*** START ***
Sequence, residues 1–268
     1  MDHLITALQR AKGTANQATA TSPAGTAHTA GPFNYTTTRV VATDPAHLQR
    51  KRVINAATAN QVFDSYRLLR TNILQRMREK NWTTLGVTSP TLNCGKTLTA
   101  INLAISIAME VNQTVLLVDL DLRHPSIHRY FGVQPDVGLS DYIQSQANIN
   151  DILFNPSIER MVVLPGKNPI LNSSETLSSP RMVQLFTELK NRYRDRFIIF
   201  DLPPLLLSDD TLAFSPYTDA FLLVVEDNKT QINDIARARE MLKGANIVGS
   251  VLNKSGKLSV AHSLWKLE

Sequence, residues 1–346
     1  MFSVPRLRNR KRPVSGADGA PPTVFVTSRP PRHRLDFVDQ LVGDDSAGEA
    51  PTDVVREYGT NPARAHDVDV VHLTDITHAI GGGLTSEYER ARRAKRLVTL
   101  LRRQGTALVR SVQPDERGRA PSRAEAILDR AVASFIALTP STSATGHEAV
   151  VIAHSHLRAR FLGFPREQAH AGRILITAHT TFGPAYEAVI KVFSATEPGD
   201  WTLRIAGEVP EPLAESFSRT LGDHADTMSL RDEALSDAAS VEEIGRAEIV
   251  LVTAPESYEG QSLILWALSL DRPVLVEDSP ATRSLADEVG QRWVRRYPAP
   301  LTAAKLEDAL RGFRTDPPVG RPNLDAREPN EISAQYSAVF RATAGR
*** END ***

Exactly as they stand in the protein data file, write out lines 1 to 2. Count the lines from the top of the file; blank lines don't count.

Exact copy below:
Sequence, residues 1–268
     1  MDHLITALQR AKGTANQATA TSPAGTAHTA GPFNYTTTRV VATDPAHLQR